It will come as no surprise to you, I hope, that Indian blood laws were created by European Americans to assert power over the indigenous peoples. Wikipedia, citing an academic researcher, says “…(T)he first such law was passed in 1705 in the Colony of Virginia, to define Native Americans and to restrict the civil rights of people who were half or more Native American….”
Known as “blood quantum”, it determined the percentage of your Native American ancestry. If one of your parents was Indian, you would be 1/2. If not, then, maybe one of your grandparents? 1/4. Only one great grandparent would mean you were 1/8.
The smallest number that might ever “qualify” is 1/16. I don’t even know who my great, great grandparents were. Do you?
It is a false criterion. There are 562 federally recognized Native American tribes in the United States. Each of them has its own method of determining membership. Sadly, it often only becomes an issue when casinos are built and federal grants are made. It is more of a joy when it is to celebrate heritage.
The first “white” settlers, or more accurately “invaders” came with the idea that everyone except them was inferior. But that was in the time of Plymouth Rock and Pocahontas not now, right? The neo-nazi, KKK, alt-right hateful people are pitching the same belief.
The color of our skin is what it is. But make no mistake, White Supremacy can not be allowed to exist in our midst. Maybe it can’t be erased. It is a persistent, toxic weed. But let’s keep at its extermination, no matter what the President says.
In fourteen hundred ninety-two
Columbus sailed the ocean blue.
This coming Monday, October 8, 2012 is a national holiday officially called Columbus Day.Unless you were, like me, looking out the window that day or had a bit more enlightened elementary school teacher, then you learned all about Christopher Columbus “discovering” America. Maybe you even heard the whole poem with the throwaway stanza at the end:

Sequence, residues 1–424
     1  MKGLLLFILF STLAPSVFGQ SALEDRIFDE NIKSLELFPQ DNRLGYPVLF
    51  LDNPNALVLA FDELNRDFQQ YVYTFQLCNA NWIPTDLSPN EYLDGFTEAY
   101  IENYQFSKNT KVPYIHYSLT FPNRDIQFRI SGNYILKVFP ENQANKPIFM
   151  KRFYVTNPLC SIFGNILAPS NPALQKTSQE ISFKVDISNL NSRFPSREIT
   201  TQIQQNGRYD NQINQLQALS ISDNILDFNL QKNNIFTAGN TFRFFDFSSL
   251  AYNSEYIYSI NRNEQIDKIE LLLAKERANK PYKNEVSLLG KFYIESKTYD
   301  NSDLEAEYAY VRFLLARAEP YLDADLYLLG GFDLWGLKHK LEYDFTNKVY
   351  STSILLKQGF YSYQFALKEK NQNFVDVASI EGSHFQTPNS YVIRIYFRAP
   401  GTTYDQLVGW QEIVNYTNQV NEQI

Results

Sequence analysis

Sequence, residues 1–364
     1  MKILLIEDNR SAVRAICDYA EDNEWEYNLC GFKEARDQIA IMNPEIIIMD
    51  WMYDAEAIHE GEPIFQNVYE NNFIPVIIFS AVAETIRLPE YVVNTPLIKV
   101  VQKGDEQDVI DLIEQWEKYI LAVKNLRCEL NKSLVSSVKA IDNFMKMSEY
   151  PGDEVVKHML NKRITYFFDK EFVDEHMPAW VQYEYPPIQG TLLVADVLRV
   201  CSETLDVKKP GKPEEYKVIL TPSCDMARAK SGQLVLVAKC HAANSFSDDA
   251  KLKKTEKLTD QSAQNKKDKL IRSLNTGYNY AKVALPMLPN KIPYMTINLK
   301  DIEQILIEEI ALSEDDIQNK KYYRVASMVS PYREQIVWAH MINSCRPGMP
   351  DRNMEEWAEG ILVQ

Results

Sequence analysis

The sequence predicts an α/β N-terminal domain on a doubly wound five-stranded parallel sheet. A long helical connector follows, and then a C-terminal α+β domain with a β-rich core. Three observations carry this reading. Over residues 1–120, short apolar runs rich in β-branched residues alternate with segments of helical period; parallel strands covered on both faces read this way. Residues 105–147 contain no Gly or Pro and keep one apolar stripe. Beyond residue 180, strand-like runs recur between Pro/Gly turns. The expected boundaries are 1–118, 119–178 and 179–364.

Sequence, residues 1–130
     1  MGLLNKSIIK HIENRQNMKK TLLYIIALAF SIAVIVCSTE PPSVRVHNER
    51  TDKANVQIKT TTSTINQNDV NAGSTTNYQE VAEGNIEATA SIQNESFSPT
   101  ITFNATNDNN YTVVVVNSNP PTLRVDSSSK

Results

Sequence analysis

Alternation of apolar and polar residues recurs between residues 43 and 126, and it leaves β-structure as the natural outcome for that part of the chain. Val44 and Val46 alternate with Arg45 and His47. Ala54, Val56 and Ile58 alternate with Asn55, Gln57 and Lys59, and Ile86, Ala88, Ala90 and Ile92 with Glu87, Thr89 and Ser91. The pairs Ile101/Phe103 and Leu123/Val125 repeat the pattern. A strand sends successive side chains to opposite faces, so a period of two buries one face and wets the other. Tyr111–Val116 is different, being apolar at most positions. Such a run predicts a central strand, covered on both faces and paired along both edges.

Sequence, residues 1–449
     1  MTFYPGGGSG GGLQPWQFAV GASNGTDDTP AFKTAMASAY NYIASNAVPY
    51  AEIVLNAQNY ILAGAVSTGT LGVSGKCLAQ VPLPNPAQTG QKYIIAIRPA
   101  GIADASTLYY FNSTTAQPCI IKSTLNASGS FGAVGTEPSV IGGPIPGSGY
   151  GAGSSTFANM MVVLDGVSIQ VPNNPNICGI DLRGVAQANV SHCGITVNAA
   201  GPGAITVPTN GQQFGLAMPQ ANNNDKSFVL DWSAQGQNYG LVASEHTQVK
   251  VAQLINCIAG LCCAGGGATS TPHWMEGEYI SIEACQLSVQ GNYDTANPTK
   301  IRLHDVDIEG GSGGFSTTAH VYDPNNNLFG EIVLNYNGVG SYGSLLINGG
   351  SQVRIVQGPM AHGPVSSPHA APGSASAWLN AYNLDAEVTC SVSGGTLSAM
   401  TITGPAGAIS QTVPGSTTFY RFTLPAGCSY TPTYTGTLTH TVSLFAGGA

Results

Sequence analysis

The first American? No, not quite.
But Columbus was brave, and he was bright.
Sometimes I wish I had not been talking to the other kids in the back row so much because I was well into my late 20’s before I began to realize that white males of English descent were not supreme. (A fact ironic in itself because Columbus was Italian sailing for a Spanish monarchy). In graduate school in Chicago I was fortunate to participate in a small group racial awareness exercise. Sadly, as I quickly discovered, many of the casual references to people of color that I took for granted were so inherently bigoted that I couldn’t believe I uttered them. Then too much later, having found a wonderful, strong woman to be my wife, I woke up to feminism. I guess it is pretty much inevitable that if you are in privileged group you will be pretty slow to see the ramifications of your outlook.
A few Columbus Day’s ago now, It struck me that I had that same nonchalance about Native Americans. Sure, I no longer talked about the wild indians attacking the cavalry but I still had a ways to. One day I said to my much more perceptive spouse that I wondered why in the world people coming here from Europe in the 1500’s and subsequent centuries didn’t simply have a working relationship with the indigenous dwellers, thinking about the many things each culture could have learned from each other. Her answer: racism. She was right. Just study the various laws and treaties regarding land ownership when white people were arguing about their divine right or at the very least their superior power over the land through the the courts. Those who were already on this continent were “savages” and as such had no part in such decisions.
I like holidays but I wish this one wasn’t so tainted. I don’t really think calling it something else really helps either, what with the Atlanta Braves fans doing “The Chop” and the NFL team of our Nation’s Capitol being called the Redskins. The only hope seems to be changing one mind at a time as happened to me along the way. Consider: are you listening to those who would enlighten you?